I have done a couple of little Christmas projects since I finished the big canvas. The first was a small painting to go in my kitchen. I really like vintage looking Santas. Okay I confess, I may have a bit of a collection of them, lol. This is mostly watercolour and a little coloured pencil for extra shading. I used a piece of canvas paper to paint on, I really like the texture of it.

 This next Santa is a sculpture I made. This one is from a magazine, Holiday Crafts 2009. The design is called Nicknack. The instructions are quite good, I just added some glitter to the snow area for sparkle. I used Crayola Model Magic for the clay.  It was really soft and easy to work with. It started to crack as it dried (after 1 day) so I painted it before it was fully dry to stop further cracking. I wasn't upset about it because I was going for a vintage look but you may want to try a different paper clay if you don't want cracks. The instructions said to use Creative paperclay.

Merry Christmas or happy holidays to all my readers. I will continue blogging, hopefully more often next year as I cut back on classes and create for fun.

EDIT: I was asked about how to make the figurine so I searched online and found the magazine article available at Better Homes and Gardens. The link is 

Saturday, December 21, 2013

Another UFO completed.

My son bought a very large canvas to paint for his home but after a while he decided it was a bit harder to paint the image he wanted than he thought. He was trying to do a landscape of an area in the North West of Western Australia. He had visited the gorges up there and had some photos of his trip that he thought would be good paintings.  He asked me if I would take over the painting so I said yes.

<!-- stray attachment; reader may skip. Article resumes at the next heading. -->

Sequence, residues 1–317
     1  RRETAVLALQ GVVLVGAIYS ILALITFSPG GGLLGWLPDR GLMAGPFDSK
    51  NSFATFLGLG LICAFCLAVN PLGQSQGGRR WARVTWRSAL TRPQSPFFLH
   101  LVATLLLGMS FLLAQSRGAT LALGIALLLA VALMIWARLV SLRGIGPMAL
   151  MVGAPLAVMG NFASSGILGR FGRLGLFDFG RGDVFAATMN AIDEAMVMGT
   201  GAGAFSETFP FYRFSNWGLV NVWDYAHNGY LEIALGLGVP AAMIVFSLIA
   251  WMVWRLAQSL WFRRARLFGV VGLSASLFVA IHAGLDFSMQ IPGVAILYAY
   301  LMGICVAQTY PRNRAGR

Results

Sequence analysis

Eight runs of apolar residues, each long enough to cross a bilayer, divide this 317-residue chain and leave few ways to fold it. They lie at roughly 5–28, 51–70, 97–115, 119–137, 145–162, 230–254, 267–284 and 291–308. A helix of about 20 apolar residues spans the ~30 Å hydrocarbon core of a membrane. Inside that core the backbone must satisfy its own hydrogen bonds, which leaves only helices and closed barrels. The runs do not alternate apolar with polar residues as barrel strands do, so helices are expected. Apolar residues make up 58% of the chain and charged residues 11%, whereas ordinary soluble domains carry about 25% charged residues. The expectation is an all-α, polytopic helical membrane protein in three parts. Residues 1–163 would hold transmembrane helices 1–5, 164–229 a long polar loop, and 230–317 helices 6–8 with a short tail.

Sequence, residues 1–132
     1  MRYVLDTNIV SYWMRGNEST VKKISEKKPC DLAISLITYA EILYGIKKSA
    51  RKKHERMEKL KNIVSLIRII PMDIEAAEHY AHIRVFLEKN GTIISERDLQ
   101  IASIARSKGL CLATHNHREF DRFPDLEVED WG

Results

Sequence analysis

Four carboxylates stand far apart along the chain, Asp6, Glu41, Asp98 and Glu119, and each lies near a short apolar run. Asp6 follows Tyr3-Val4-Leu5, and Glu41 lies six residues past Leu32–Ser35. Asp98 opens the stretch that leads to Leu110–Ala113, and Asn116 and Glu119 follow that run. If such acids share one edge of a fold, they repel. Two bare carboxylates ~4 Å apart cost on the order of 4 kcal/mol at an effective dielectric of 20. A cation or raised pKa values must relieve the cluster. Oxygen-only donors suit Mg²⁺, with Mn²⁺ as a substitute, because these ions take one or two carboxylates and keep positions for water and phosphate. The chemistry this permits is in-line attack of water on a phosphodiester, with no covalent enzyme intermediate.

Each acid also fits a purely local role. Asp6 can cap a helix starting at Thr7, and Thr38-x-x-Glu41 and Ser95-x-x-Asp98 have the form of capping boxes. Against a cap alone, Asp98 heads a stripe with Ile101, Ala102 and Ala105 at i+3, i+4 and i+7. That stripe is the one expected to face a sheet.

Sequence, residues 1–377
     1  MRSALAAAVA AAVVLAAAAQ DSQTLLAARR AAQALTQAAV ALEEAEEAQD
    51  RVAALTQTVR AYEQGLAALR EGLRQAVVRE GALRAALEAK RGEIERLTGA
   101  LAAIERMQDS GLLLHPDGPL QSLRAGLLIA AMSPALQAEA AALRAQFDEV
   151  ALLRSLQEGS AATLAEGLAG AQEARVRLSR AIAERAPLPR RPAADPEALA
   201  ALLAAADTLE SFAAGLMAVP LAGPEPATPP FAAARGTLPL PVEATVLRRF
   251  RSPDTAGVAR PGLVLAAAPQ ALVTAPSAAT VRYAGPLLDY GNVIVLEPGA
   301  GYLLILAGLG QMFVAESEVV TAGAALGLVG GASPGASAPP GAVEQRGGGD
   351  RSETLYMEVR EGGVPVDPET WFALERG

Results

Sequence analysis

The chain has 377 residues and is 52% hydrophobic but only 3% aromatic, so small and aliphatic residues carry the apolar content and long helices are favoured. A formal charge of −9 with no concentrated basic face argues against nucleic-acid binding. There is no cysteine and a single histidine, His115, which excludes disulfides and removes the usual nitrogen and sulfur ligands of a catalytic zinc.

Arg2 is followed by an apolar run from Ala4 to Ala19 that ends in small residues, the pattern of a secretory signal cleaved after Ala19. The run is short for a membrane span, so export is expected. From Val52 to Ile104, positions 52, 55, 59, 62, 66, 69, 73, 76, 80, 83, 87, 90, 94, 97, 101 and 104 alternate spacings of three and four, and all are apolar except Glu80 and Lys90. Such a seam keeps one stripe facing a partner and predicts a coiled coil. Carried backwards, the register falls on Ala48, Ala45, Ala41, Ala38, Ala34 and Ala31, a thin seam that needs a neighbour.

I started by applying gesso over the paint he had already applied. I wasn't sure what he used so it was safer to start again and I wanted white as the first layer to show through the reds and browns. It makes the colours seem more intense later on (in my opinion).  I have not worked on such a large canvas before, it was 1.5m x 1m (5ft x 3.5 ft). I would not choose that size again unless I could do it in a larger room. It was very difficult to step back and look at the painting from a distance. I had to keep taking it out into another room and that was not an easy thing to do.

Difficulties aside I just went for it. I painted a scene using acrylics that I have not tried before and I was very happy with the finished picture. My son loves it and my husband wanted to keep it for ourselves.  I really enjoyed trying something different. This second photo shows the size of the canvas, very large!

Two and a half years ago when I first started this arty journey I would not have thought I could paint anything like this at all. All that practice in my art journal has given my the confidence to try anything. If you are hesitant to start painting or even journaling I say DON'T WAIT. Take any classes you can, even watch free videos on Youtube (there are loads of art lessons there). The ONLY way to improve your skills is to make art as often as you can. If you want to draw people you need to draw at least 100 faces. With each drawing you will see improvement. If it takes longer don't worry about it just keep on drawing and the skill will come. Nobody is born knowing how to draw but some people are given more encouragement when they are younger. The rest of us have somebody who says "What is that a picture of? It's not very good." and then we stop. Imagine if you had been drawing since you were little, you would have years of experience by now. Don't wait another minute....START